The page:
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Table of Contents:

: Six Sigma

Overview

High quality is a core competency every organization should develop to maintain customer satisfaction, retain customers, and increase productivity. This ensures that customer requirements and internal specifications are met by an organization in its day-to-day activities. Competitive quality management systems continuously improve the capability of their processes to reduce failure expenses, such as warranty claims, returned goods, scrap, and rework. Table 9.1 lists several of these attributes. In this chapter, we discuss the roles of quality management from two perspectives. First, we discuss quality management relative to its classic functions. This discussion will include a brief history of some of the important quality initiatives deployed over the last several decades. Then we will discuss important quality tools and methods, from the basic to more advanced methods, with an emphasis on Six Sigma methodology.

Table 9.2 lists ten quality activities ranging from identification of the voice of the customer (VOC) to new product or service designs to enabling customer reviews of requirements such as drawings and specifications through the concurrent engineering (CE) team. Others include process auditing and creation of control procedures for new products and services, inspections of work, the evaluation and approval of testing and measurement equipment, fixtures, inspection procedures, and training. Quality assurance also performs capability analyses and product or service performance analyses as required by a CE team and has a role in developing quality control plans for new products and processes. This role includes

TABLE 9.1

Competitive Quality Metrics

Metrics

1. Customer satisfaction and customer retention ratings

2. Percent productivity due to quality improvements

3. Process capability

4. Percent of quality expenses spent on proactive versus reactive issues

5. Warranty claims, returned goods, scrap, and rework expenses as a percentage of sales

ensuring that failure mode and effects analyses (FMEA), specifications, audit schedules, product performance testing, and related supporting activities and documentation are created on schedule. Quality assurance supports the CE team by verifying that the new products and processes meet customer requirements during pre-production trials. This information is incorporated into an organization’s customer quality control plan. Quality assurance also engages in the day-to-day auditing, inspection, and management of production and other processes to ensure work is done right the first time.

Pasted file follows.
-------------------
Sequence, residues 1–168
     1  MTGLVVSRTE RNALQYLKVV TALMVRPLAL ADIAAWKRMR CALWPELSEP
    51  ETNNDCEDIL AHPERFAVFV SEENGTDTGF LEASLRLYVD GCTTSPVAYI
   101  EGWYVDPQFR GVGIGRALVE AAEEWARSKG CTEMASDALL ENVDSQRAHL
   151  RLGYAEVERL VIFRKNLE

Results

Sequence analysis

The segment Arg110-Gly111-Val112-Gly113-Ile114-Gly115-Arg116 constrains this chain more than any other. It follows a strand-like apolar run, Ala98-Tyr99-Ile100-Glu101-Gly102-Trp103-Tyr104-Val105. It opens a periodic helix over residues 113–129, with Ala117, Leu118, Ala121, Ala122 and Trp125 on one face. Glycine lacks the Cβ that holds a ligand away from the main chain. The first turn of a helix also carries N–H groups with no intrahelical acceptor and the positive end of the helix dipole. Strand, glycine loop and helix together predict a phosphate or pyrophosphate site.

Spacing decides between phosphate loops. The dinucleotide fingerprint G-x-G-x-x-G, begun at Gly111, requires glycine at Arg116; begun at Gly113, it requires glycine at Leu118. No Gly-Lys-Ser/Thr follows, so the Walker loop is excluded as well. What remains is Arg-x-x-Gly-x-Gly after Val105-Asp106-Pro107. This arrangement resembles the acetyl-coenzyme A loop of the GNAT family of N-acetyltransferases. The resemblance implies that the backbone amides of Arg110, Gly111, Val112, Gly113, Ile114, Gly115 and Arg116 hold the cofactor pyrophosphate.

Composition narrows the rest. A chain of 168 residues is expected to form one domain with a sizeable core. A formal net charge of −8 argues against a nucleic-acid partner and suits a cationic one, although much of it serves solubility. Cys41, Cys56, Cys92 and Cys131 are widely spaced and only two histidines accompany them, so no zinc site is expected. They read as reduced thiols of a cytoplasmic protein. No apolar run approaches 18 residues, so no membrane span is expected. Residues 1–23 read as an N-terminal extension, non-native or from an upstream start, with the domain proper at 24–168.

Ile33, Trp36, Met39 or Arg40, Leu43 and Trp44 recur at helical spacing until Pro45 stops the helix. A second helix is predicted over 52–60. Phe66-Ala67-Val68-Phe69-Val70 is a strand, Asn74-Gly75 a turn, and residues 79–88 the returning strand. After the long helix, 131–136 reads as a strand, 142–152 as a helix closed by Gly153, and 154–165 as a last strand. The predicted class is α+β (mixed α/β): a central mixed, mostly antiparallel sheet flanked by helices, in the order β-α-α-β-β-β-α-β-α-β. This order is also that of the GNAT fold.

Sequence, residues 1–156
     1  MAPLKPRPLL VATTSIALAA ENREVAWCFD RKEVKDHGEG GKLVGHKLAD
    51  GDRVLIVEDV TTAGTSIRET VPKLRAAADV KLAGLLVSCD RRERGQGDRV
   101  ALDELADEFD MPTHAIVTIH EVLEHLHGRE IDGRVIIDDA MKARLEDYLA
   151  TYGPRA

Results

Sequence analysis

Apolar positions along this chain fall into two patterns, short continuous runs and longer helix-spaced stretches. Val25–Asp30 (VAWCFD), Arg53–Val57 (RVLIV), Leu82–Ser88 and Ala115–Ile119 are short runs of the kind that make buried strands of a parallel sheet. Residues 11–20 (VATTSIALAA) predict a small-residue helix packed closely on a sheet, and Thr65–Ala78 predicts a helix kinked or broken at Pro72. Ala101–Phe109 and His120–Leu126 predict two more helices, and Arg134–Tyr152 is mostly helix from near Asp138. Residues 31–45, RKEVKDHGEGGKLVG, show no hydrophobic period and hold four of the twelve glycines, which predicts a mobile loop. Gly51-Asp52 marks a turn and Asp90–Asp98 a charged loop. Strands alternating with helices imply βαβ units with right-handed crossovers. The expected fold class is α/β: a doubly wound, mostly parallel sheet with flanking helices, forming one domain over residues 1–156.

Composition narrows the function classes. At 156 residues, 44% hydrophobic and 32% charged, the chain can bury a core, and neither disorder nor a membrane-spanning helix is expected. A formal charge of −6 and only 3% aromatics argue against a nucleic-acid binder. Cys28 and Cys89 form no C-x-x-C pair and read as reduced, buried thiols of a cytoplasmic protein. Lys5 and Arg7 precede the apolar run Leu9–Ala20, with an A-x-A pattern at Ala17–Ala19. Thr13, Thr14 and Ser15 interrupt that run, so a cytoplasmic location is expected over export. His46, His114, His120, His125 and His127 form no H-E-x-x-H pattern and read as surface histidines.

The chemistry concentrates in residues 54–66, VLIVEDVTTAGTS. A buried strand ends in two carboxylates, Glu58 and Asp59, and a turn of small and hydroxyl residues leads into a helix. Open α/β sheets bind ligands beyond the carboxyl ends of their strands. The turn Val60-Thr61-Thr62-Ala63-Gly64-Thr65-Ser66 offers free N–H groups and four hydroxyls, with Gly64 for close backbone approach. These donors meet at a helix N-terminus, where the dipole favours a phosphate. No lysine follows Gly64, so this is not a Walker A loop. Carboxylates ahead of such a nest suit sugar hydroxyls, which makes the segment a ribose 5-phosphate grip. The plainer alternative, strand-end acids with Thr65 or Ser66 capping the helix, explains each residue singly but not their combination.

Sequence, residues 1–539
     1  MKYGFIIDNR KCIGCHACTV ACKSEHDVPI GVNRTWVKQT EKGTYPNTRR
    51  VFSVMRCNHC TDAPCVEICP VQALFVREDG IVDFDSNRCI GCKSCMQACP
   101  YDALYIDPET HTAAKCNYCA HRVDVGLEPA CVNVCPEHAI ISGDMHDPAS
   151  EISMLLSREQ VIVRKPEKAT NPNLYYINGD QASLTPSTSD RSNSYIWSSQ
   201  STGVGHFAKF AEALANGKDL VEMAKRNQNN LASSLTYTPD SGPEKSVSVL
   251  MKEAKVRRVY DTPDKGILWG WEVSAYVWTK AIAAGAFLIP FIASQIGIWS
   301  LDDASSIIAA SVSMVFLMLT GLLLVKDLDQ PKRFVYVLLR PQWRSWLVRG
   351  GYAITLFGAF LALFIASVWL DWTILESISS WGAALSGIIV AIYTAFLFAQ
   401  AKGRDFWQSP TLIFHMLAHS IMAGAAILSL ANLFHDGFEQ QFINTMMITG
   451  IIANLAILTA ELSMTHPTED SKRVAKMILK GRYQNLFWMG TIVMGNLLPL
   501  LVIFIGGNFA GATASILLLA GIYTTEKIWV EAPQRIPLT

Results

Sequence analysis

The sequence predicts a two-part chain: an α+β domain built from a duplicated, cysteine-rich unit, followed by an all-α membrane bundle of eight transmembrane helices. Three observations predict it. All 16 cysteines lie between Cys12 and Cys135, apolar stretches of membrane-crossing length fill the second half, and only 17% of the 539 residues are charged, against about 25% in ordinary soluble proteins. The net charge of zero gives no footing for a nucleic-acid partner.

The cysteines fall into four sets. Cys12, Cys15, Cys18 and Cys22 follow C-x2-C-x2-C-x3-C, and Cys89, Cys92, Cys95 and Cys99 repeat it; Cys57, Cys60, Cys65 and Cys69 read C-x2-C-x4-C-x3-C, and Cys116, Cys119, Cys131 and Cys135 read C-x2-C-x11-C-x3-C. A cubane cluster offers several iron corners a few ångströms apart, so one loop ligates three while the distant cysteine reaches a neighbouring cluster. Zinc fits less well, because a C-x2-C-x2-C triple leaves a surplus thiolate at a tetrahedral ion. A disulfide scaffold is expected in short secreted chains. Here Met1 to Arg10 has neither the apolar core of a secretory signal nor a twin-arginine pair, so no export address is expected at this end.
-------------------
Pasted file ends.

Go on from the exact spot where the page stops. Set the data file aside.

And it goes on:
The Six Sigma quality initiative helped coalesce various quality tools, methods, concepts, and theories of quality into a phased problem-solving

TABLE 9.2

Ten Quality System Activities

Activity

1. Review customer requirements as specified in contracts, drawings, and specifications.

2. Assist the product planning process with the CE team.

3. Assist in the development of the design and process procedures with CE team.

4. Assist in the development of the sign-off documentation with the CE team.

5. Assist in the design and development of inspection, testing, and measurement equipment, fixtures, procedures, and training with CE team.

6. Assist with capability analysis and similar performance analysis as required by the CE team.

7. Develop quality control plans based on design and process information including failure mode and effects analyses.

8. Develop auditing procedures.

9. Assist in product and process verification with the CE team as specified by customer requirements.

10. Provide feedback to the CE team and the production team on product and process capability as determined by the quality control plan.

CE = concurrent engineering.

methodology applied to current processes. The tools can be used individually or in groups to solve specific quality issues. As an example, prior to the increased popularity of Six Sigma in the mid-1990s, there were specific workshops that focused on individual tools such as control charting, quality function deployment, experimental design, FMEA, quality control plans, and others. A problem with this approach is that the tools were not integrated into a coherent methodology to solve business problems. The tools and methods also did not appeal to higher levels of management or to associates who were not trained in their practical use. Because of these highly technical and acronym-filled workshops, organizations relegated the use of upcoming quality tools and methods to subject matter experts.

However, in recent years, diverse approaches to quality assurance and control have coordinated approaches and tool use for success. As an example, in some organizations, Six Sigma and Lean are used together as Lean Six Sigma. The International Standards Organization (ISO), which originally developed a set of auditing activities, developed updated ISO systems that recommended proactive approaches for process quality. Another example is the Malcom Baldridge Award, which acknowledges organizations that adhere to a series of standards, policies, procedures, and philosophies designed to improve quality. The Malcom Baldrige criteria were modified to make them more holistic and proactive from a process- improvement perspective.

Table 9.3 describes several common quality initiatives and cross- references their attributes. Properly integrating these initiatives has helped improve quality in many organizations. Several of these initiatives formed the basis of Six Sigma. We will discuss Six Sigma tools, methods, and concepts with the assumption that several of these initiatives, such as ISO, Automotive Industry Action Group (AIAG), Malcom Baldrige, Lean, and total quality management (TQM), are also operative in an organization.

 
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